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spacer NOVEMBER 2011
WINS! Animal-Free Trauma Training Far Exceeds Live-Animal Labs


Thanks to the diligence of Kinship Circle activists, with Physicians Committee For Responsible Medicine leading the way — trauma training has a new face — and she isn’t furry or cuddly.

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As of 11/17/11, just 5 Advanced Trauma Life Support (ATLS) programs in the U.S. and Canada use live animals, compared to 259 with human simulators in place of cats, ferrets, dogs, goats, pigs and other animals. PCRM’s ongoing tally shows 96% of U.S. ATLS coursework favors human-patient simulators such as TraumaMan System, for imparting skills students can actually apply to humans.

Kinship Circle regularly does campaigns to medical schools that still use animals instead of human-focused models. Anatomical simulators, human cadavers and real life hospital rotations cut costs and improve proficiency. They allow for more in-depth feedback and assessment of student performance, while reducing dropout rates.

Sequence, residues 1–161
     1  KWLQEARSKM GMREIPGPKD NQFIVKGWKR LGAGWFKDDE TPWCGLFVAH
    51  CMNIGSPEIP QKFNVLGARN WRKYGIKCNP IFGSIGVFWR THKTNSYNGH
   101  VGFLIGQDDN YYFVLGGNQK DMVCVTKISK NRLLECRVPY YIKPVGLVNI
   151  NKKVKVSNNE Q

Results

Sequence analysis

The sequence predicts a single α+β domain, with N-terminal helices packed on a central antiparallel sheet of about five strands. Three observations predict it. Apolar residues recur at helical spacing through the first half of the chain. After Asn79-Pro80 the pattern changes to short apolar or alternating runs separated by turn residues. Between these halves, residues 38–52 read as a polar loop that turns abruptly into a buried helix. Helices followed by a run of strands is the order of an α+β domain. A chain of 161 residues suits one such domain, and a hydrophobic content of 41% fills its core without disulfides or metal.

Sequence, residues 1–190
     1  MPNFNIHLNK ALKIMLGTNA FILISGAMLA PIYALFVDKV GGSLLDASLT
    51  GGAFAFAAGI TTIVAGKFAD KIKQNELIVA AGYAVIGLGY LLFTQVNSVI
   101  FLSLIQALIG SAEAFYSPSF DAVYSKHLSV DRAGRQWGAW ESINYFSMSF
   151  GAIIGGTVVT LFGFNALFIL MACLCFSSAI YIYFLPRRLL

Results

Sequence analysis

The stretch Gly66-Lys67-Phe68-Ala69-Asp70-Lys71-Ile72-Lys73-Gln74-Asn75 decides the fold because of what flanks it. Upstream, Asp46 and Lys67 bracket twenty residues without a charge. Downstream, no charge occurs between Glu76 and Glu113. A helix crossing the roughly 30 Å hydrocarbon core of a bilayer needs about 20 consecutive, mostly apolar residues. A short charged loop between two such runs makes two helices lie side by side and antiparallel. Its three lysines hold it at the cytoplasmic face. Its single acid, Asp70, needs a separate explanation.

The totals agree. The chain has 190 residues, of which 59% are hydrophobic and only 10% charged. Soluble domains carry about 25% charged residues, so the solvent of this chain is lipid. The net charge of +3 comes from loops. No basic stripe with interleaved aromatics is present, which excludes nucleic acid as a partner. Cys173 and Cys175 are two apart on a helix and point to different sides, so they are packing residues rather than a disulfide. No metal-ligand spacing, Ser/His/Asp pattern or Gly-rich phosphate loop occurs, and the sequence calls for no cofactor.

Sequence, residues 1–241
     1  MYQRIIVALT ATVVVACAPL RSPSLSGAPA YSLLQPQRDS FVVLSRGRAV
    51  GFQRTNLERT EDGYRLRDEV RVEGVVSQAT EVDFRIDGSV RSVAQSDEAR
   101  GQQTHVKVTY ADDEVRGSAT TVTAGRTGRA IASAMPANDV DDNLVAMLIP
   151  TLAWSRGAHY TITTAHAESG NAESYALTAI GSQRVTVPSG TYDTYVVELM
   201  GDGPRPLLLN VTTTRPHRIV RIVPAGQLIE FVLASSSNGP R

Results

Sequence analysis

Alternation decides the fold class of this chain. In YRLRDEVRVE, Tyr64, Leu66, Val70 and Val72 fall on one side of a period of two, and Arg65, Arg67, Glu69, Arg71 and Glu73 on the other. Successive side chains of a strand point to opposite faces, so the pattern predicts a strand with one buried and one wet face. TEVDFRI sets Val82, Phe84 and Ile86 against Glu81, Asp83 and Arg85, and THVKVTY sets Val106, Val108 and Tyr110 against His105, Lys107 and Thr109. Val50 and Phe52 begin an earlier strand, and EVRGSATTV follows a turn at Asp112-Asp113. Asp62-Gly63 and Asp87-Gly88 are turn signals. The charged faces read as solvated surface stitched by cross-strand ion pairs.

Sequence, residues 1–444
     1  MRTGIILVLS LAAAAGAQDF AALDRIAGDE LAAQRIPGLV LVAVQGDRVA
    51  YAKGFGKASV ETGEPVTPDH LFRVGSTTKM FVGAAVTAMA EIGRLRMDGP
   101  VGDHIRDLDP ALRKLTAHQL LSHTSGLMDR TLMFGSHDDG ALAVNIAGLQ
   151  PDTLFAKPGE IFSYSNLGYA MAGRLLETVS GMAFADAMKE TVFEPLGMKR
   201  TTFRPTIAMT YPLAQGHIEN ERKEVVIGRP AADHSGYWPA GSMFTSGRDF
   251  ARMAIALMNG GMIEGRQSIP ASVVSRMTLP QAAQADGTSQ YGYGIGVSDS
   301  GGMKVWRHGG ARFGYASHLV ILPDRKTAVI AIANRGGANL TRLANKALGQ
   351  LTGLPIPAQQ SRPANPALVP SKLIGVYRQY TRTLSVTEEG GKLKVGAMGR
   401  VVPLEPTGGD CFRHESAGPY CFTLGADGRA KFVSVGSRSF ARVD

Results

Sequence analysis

Dr. Emad Aboud, co-inventor of a system that pumps specially dyed water into human cadaver vessels and arteries, says animal-free models are cheaper and more accurate. "This is the perfect alternative to the use of live animals in surgical training," claims Aboud, a neurosurgeon fellow at the University of Arkansas for Medical Sciences.

Massachusetts General Hospital joins the animal-free list with its termination of surgical training on live sheep. The University of Pittsburgh Medical Center (UPMC) seems to have folded under pressure of a PCRM legal complaint with the federal government, citing live animal use as an Animal Welfare Act violation. As reported in PCRM’s June 2011 newsletter, the course director confirmed UPMC’s upgrade to animal-free simulators to Ronald Banner, M.D., a PCRM-affiliated doctor from Pennsylvania.

ATLS courses prep trainees to handle acute trauma injuries. Prior to 2001 — when the American College of Surgeons (ACS) officially endorsed Simulab’s TraumaMan — nearly all lab exercises involved live animals. Students used animals for: cricothyroidotomy (neck incision to alleviate blocked airway); pericardiocentesis (fluid removal from sac that encases heart); and chest tube insertion (drainage of blood, fluid or air to facilitate lung expansion).
SOURCE: Background On ATLS

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